During the last couple of decades the role of music in my life diminished. There was no plan, it happened on its own, without a recognizable nudge.
My guitars and banjo are tucked in safe places around the house, protected from the elements, largely unused. I sold my Telecaster to long-time friend Dennis. It has been a long time since anyone used the piano in the living room. My shelves of vinyl, cassettes and compact disks gather dust. Since the budget cuts on public radio, I can’t find a station that plays music in a range of eras and styles. In the car, my presets are country and classic rock. For the 25-minute commute to the home, farm and auto supply store I can stand them, mostly. The last musical concert I attended was a Celtic guitarist at the local library. I follow him on YouTube and that’s where I do most of my home music listening today.
It wasn’t always so. In first grade I served as emcee for a variety show at Sacred Heart Catholic School. I wore a bow tie and rehearsed my lines carefully. There were words I never heard before in the script. I introduced performances by my classmates, then wanted to perform.
When we moved across town in 1959 I took piano lessons at the grade school. I practiced in the upstairs gymnasium which also served as an auditorium, my rendition of Brahms bounced off the walls of a large, empty room at the end of the school day. My neighbor, a couple grades ahead of me, was a guitarist and played a concert for us graders before he left for high school. I thought he was cool, and he’s now one of the few people I know who make a living as a singer songwriter.
By eighth grade I was playing guitar. On a snowy day the year the Beatles came to America Mother took me to the King Korn stamp store where she traded books of stamps for a Kay guitar. I played my first concert of folk songs in eighth grade along with some neighborhood friends.
In high school, I took guitar lessons from the late Joe Crossen who played in a rock and roll band. After that, I tried to learn classical guitar at university but my fingernails weren’t good enough to make it work. After leaving Davenport in 1970 I felt music would be part of me. For many years it was. I don’t know what happened. This is not a lament or dirge. I accept life as I find it while imagining the future as it should be.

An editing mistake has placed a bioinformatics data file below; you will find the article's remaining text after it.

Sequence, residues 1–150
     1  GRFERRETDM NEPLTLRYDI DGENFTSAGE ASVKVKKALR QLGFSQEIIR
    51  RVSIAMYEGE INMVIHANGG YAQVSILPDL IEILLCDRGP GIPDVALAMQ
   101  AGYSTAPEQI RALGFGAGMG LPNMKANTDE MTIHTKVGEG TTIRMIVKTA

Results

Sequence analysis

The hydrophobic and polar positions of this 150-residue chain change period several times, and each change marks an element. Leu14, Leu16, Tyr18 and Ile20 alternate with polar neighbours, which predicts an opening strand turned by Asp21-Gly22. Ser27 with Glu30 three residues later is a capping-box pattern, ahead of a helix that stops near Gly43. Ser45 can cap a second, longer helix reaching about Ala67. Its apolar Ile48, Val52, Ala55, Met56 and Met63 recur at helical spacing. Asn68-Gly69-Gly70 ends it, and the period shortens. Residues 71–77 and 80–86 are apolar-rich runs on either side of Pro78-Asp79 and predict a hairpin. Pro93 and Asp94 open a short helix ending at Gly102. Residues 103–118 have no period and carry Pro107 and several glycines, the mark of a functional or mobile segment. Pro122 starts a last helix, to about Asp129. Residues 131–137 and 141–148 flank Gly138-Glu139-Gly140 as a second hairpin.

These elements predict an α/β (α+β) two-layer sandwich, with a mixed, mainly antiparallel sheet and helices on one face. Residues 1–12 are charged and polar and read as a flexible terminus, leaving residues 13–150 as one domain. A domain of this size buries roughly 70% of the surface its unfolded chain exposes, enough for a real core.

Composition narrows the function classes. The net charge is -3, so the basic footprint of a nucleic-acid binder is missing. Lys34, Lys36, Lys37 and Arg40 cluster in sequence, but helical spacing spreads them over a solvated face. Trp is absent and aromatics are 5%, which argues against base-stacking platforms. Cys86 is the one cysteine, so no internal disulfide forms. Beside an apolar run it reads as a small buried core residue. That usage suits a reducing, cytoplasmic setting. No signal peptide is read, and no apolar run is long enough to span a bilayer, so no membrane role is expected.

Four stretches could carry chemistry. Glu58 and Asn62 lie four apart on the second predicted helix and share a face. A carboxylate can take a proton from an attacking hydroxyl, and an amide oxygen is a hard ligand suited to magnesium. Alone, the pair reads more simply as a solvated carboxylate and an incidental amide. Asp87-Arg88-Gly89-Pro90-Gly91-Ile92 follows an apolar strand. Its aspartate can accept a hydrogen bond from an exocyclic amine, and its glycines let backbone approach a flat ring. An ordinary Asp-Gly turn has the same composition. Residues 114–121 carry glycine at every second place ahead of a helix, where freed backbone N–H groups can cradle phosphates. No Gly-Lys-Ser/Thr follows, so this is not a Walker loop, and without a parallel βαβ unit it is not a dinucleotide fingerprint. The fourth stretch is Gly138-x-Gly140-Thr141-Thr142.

The other day Jacque and I were listening to different versions of The Dutchman, a ballad by Michael Peter Smith. We listened to his, Steve Goodman’s and Liam Clancy’s versions and it became clear Smith’s phrasing and tempo made the better experience, evoking an emotional response. We talked about the song which has been a favorite since early in our relationship. It was surprising how good Smith’s version was, when we’d only paid attention to Goodman all these years.
I’m awake early this morning, tapping on the keyboard. My sister in law stayed over last night after a brunch with friends in the Quad Cities. I don’t want to wake the house and keep the music turned off. Neither do I use headphones because I live in the moment at my desk. If there are noises in the house — the water softener cycling, someone walking to the bathroom, the washing machine running — I want to hear it. No muffled reality for me.
I don’t know about music any more. Every so often I find a song I like and listen to it repeatedly for a while. Then I get over the infatuation. What I mostly want is a feeling I should play music again. It’s not there yet. It may never be. I have a hard time visualizing it.
I remember traveling the Mediterranean coast with a young student from Germany in the 1970s. We had Eurail passes and rode trains from Barcelona, Spain to Genoa, Italy, playing guitars in our youth hostels until the host reluctantly said it was getting part curfew. I played lead to his rhythm and vocals, it was life as good as it gets, fleeting, transitory, in the moment. That can’t be captured again in the same way. Despite years and neglect, music can live within us. At least that’s my hope in late autumn.